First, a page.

Winter décor and holiday decorations often feature evergreen foliage. Evergreen branches contrast beautifully with winter landscapes. Green foliage also shows such colors as red, blue, silver and gold to their best advantage. Use evergreen branches to create wreaths, centerpieces and mantel decorations. Properly preserving fresh evergreens will result in decorations that will last throughout the season.
Make the glycerin solution. Mix one part glycerin with two parts water in a container. The container should be large enough to hold the foliage. Stir well to blend the ingredients thoroughly.
Cut fresh evergreen branches with pruning shears. Cut the branches at midday when the water content is lowest.
Smash the ends of the stems with a hammer to expose more of the wood's surface area. This will help the branches absorb more of the glycerin solution.
Place the evergreen branches in the glycerin solution with the smashed ends down. Leave the foliage in the solution until the leaf edges darken. This signifies the foliage has absorbed enough solution. This process may take as many as two weeks.
Spray the evergreen foliage with an anti-transpirant, which will protect the foliage from drying out quickly. Follow the directions that come with the anti-transpirant spray.
Dip your pruning saw into a mixture of 70 percent denatured alcohol and 30 percent water to sterilize your pruning tool as recommended by the Northern Eastern State and Private Forestry offices. Sterilize your pruning saw in the mixture in between cuts to prevent spreading harmful pathogens.
Cut off competing leaders to reduce the height of the tree and maintain a healthy main leader. A main leader is a horizontally growing branch that has an even amount of side branches. Make a 45-degree angled cut near the branch collar or swelling near the trunk.
Prune the main leader to the height that you need to shorten your tree. Cut side branches, so that they are 4 to 6 inches shorter than the main leader of the tree. Continue cutting back the side branches to achieve a pyramid-shaped tree.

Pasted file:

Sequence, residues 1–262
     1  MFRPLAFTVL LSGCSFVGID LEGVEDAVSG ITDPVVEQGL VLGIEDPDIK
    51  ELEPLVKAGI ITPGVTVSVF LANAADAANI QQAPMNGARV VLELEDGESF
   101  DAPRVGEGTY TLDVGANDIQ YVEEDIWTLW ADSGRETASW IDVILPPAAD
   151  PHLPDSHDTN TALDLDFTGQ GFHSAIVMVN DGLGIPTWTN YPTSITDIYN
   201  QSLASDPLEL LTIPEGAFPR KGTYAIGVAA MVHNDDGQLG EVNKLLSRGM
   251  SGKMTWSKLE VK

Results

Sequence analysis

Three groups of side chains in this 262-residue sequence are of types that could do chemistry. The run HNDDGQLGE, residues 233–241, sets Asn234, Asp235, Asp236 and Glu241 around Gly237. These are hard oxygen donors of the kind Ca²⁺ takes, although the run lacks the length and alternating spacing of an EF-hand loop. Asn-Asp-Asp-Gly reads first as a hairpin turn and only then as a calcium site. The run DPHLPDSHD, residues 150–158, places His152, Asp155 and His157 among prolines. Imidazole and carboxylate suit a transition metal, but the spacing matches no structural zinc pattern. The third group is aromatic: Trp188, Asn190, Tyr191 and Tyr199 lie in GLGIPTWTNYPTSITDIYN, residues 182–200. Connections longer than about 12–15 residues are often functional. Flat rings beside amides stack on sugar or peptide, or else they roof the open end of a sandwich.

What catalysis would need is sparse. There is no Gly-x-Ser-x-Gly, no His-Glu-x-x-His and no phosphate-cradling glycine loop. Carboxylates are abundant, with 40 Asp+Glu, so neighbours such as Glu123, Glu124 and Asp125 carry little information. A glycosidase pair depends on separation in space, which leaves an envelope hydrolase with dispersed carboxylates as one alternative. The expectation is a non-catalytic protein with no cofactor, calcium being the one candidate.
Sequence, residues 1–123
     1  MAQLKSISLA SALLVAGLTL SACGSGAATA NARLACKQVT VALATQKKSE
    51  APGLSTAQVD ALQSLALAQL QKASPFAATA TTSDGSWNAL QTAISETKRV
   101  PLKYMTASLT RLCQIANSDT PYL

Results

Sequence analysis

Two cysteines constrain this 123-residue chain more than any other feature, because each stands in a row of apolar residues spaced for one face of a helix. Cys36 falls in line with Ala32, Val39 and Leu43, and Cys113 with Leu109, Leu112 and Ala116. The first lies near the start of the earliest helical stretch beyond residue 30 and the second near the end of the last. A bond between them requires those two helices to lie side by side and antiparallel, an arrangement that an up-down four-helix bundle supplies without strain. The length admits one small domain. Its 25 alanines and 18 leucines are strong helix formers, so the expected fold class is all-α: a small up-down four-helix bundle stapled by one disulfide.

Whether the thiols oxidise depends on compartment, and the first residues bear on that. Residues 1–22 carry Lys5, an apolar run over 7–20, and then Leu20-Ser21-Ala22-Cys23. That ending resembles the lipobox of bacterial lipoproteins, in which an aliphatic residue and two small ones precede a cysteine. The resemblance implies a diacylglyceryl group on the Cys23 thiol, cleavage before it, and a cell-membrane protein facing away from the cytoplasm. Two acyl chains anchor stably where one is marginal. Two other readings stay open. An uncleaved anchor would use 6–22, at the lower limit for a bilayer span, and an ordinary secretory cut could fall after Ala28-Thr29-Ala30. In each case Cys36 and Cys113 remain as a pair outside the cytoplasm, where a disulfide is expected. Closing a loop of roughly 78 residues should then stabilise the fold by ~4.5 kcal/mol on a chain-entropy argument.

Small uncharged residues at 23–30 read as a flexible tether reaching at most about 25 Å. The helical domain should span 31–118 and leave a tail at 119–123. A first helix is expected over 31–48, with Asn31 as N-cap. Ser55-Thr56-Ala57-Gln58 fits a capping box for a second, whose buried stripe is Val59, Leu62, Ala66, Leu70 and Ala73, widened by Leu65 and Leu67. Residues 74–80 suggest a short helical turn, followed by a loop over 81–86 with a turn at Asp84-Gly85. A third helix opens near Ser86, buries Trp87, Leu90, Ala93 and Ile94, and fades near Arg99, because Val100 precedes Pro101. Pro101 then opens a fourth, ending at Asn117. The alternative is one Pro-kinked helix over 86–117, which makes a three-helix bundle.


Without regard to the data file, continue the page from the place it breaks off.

Remove any branches that are rubbing together or making the evergreen uneven. It is important especially after cutting down the main leader to keep the tree even to reduce the risk of it falling over.
Cut off any branches that look diseased or damaged. Discolored needles, spots on leaves or swelling in branches indicate the tree has contracted a fungal disease.
Identify what kind of evergreen shrub you have. There are three basic types of evergreen shrubs: awl-like, needle-like, and scale-like. Their classification is based on how their needles appear.
Reduce the bulkiness of the evergreen shrub in March or April by selectively removing a few branches throughout the shrub using your pruning shears.
Prune your evergreen shrub in June or July. This is after the majority of the growth has occurred but also before the shrub has set new buds for the next year. Some species, like pines, will not grow any further from a specific branch if the bud is pruned off.
Cut the branches that you want to remove deep into the evergreen shrub. The other branches will then fill in the empty space and become more robust. This will lead to a healthier shrub.
Put on safety goggles and work gloves before working on your evergreen. Sharp branches or needles may hurt the hands and eyes.
Remove dead, diseased and broken wood at any time of the year to prevent disease from spreading. Clean the pruning shears after each cut using an alcohol swab or a clean cloth dipped in rubbing alcohol.
Stand back from the tree or shrub and inspect the general shape of the tree. Decide on the shape you want before making any cuts.
Cut narrow leaf evergreens just above the needle whorls for the species that have them. Some narrow leaf evergreens also have non-whorled growth.
Make cuts on non-whorled narrow leaf trees and broadleaf evergreens anywhere along the branch, trying hard not to cut into the older wood. Cut back to a side shoot when pruning to ensure new growth.
'Little Gem' Norway Spruce
A miniature cultivar of Norway spruce, 'Little Gem' (Picea abies 'Little Gem') grows just a foot high, with a rounded form. It has dark green needles and a dense growth habit. 'Little Gem' grows just ½ to one inch per year. It is rated through U.S. Department of Agriculture hardiness zone three.
'Sherwood Compact' Pine
With either a globe or pyramidal shape, the named cultivar 'Sherwood Compact' pine (Pinus aristata 'Sherwood Compact') is also known as “bristlecone pine.” It grows best in full sun and tolerates drought. It has bluish-green needles that are often dotted with white pitch. Hardy through USDA zone five, bristlecone pine grows only one to three inches per year.
'White Imp' Cedar
A pyramidal shaped evergreen, 'White Imp' cedar (Cedrus deodara 'White Imp') slowly grows to three feet tall and three feet wide. Unlike other varieties of cedar that have grayish-green needles, 'White Imp' has green and white variegated foliage. Cedars are reliably hardy through USDA zone three.
'Gentsch White' Canadian Hemlock
Growing only four feet tall by four feet wide if never pruned, the Canadian hemlock 'Gentsch White' (Tsuga canadensis 'Gentsch White') can be kept at half this size when sheared regularly. 'Gentsch White' grows best in partial shade and evenly moist, well-drained soil. This evergreen cultivar has exceptional winter interest because the new growth from the previous spring becomes creamy-white during fall and winter, standing out against the dark green older foliage.